Research Handbook on Securities Regulation in the United States
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Research Handbook on Securities Regulation in the United States

Edited by Jerry Markham and Rigers Gjyshi

This fascinating Handbook provides a clear explanation of the securities market regulation regime in the United States. A diverse set of contributors offer a comprehensive overview of the regulatory process, Dodd-Frank, the principal securities statutes, and the regulators and market participants involved. In addition to a general summary of the topic, this volume provides detailed explanations of the process for registering securities, exemptions from registration, secondary distributions, and the underwriting process. Scholars and students of financial law, banking and regulatory law will find this book a useful resource, as will attorneys, compliance professionals, risk-mitigation professionals and corporate leaders.
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Chapter 15: Private rights of action under U.S. securities laws: key differences between litigation and arbitration of securities disputes, limited right of action against investment advisers, and the uncertain future of class litigation

Leslie A. Blau, Mark Liston and Peter Evans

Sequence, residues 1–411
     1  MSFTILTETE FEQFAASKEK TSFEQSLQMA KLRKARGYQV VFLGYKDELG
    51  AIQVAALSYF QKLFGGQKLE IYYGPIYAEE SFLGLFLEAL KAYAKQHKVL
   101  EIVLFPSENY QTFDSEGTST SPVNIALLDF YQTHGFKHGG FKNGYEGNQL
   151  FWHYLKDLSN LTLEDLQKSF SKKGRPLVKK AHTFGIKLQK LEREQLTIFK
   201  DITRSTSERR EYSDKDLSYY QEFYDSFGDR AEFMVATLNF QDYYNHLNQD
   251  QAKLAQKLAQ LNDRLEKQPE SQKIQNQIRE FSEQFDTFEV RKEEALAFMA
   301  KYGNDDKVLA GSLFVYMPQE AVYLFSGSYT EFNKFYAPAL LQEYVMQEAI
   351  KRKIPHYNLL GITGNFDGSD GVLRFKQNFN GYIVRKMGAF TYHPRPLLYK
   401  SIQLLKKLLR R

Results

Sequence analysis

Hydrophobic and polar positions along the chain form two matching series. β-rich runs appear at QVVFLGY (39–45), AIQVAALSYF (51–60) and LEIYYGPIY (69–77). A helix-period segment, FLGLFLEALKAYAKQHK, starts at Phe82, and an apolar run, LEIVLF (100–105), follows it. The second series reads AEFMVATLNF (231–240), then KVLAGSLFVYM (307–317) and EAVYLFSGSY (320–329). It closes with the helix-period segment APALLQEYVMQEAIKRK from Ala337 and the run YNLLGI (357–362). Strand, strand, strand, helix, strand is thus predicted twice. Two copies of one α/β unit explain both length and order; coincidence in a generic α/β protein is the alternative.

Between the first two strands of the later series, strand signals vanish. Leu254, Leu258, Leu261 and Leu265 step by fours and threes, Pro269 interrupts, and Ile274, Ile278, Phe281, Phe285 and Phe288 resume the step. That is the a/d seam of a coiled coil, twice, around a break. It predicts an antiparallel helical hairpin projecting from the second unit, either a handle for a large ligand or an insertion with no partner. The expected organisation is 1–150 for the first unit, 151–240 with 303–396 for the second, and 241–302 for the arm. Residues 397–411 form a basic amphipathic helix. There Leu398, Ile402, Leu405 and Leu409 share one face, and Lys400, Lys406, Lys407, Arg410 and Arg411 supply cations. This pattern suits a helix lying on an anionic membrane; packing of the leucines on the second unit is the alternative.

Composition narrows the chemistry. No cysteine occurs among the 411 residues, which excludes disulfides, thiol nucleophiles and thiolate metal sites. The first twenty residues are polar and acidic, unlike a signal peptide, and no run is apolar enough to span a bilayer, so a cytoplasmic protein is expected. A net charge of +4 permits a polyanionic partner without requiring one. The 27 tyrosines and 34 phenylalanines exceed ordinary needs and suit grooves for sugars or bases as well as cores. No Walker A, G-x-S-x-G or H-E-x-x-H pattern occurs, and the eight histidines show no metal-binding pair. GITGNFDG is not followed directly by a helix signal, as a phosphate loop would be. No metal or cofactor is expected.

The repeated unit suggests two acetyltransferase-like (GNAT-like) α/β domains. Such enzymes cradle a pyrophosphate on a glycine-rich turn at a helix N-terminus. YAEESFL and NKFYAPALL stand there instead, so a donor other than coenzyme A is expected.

When a customer wants to bring claims against securities broker-dealers or their salespersons for violations of the law or the rules of self-regulatory organizations, it is important to bear in mind the differences between arbitration and litigation of such disputes. If one has a choice of forum (in most cases, the agreement between the customer and the dealer will mandate arbitration), these differences may be crucial when deciding whether to bring the claims in court or in FINRA arbitration. With respect to investment advisers (who are not FINRA members and therefore not subject to mandatory FINRA arbitration), violations of the Investment Adviser Act may give rise to a private right of action for rescission. However, there are limitations on who may be liable for such violations, and money damages are unavailable. Finally, class actions in the courts have long been an important vehicle for vindicating claims based on violations of securities laws. But recent developments within FINRA and the U.S. Supreme Court now threaten their existence. Prior to 2007, there were two dominant self-regulatory organizations with jurisdiction over almost all brokers and brokerage firms: the National Association of Securities Dealers (“NASD”) and the New York Stock Exchange (“NYSE”). The Financial Industry Regulatory Authority (“FINRA”) was created on July 30, 2007, when the NASD and NYSE merged their regulatory, compliance and arbitration functions.

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